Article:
My additional list of good reads (not required):
1. Peter F. Drucker, Innovation and Entrepreneurship, New York: HarperBusiness, 1993.
2. Michael E. Gerber, The E-Myth Revisited: Why Most Small Businesses Don’t Work and What to Do About It, New York: HarperCollins, 2001.
3. Neil C. Churchill and John W. Mullins, “How Fast Can Your Company Afford to Grow?” Harvard Business Review, 79, no. 5 (2001): 135-42.

Course Format

Videos and Workshops
Each week consists of 90 minutes of videos made for the Course in short segments of 10 to 15 minutes each. The videos discuss the articles and case studies to be read prior to the class. There are tests embedded within the segments to evaluate your understanding of the concepts. You may proceed at your own pace.
There are also Workshop exercises, in which you have the opportunity to use the concepts discussed in the readings and videos to determine a course of action for a real, private business growth challenge. After completing the exercises, you will learn what action the business actually took and whether it was successful.

There is a (non-optional) final exam of multiple choice and short answer questions.

Course Communities
You may choose to create a Course Community, which will allow you to learn from your classmates. Communities can be formed based on your country of residence or based on the type of business you own or want to learn about. The purpose of the community is to provide a forum for you to learn from each other. It’s an opportunity for you create and grow together.
Instructor Engagement
I will hold “office hours” every Wednesday morning during the Course from 10:00am to 11:30am EST where I will be on the Course Discussion Forum to answer questions, chat and respond to other conversations.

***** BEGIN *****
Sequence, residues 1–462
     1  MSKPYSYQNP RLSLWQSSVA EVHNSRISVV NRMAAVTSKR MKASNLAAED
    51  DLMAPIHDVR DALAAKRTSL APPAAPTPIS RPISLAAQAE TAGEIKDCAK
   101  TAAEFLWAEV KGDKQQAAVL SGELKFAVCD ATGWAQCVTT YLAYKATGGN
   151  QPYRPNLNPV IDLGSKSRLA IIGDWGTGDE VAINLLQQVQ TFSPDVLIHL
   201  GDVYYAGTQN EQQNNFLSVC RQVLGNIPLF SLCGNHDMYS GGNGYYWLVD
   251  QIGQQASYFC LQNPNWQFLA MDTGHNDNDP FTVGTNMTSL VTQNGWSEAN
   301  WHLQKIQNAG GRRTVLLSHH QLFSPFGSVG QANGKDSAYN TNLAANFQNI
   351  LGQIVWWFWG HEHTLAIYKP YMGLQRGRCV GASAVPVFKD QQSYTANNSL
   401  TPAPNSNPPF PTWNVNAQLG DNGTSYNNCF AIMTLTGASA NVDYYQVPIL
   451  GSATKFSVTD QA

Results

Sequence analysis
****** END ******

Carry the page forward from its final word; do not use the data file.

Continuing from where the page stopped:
Online Course: Developing Innovative Ideas for New Companies (Jan 28 2013)

Next Session:
Jan 28th 2013 (6 weeks long) Sign Up
Workload: 5-7 hours/week

About the Course

This course assists aspiring entrepreneurs in developing great ideas into great companies. With strong economies presenting rich opportunities for new venture creation, and challenging economic times presenting the necessity for many to make their own job, the need to develop the skills to develop and act on innovative business opportunities is ever present.Using proven content, methods, and models for new venture opportunity assessment and analysis, students will learn two key skills: (1) how to use a business model approach to analyze each part of a company, and (2) a customer development orientation to see if anyone really wants the product.  Value propositions, customer segments, strategic alliances, and business modeling are core elements taught in the course. The initial steps to creating a business plan, and raising financial capital to launch the firm, are examined as well. Our goal is to demystify the startup process, and to help you build the skills to identify and act on innovative opportunities now, and in the future.

About the Instructor(s)

Dr. James V. Green leads the education activities of Maryland Technology Enterprise Institute (Mtech) as the Director of Entrepreneurship Education with responsibilities for designing and teaching undergraduate and graduate courses in entrepreneurship and technology commercialization, leading seed funding programs and select business plan competitions, and managing residential entrepreneurship programs for students. In 2011, he earned first prize in the 3E Learning Innovative Entrepreneurship Education Competition presented at the United States Association for Small Business and Entrepreneurship (USASBE) annual conference to recognize college educators who have created new and challenging learning activities that actively involve students in the entrepreneurial experience. Prior to the University of Maryland, Dr. Green held founder, executive, and operational roles with multiple startups to include WaveCrest Laboratories (an innovator in next-generation electric and hybrid-electric propulsion and drive systems), Cyveillance (a software startup and world leader in cyber intelligence and intelligence-led security), and NetMentors.Org (the first national online career development eMentoring community). Dr. Green earned a Doctor of Management and an MS in Technology Management from the University of Maryland University College, an MBA from the University of Michigan, and a BS in Industrial Engineering from the Georgia Institute of Technology.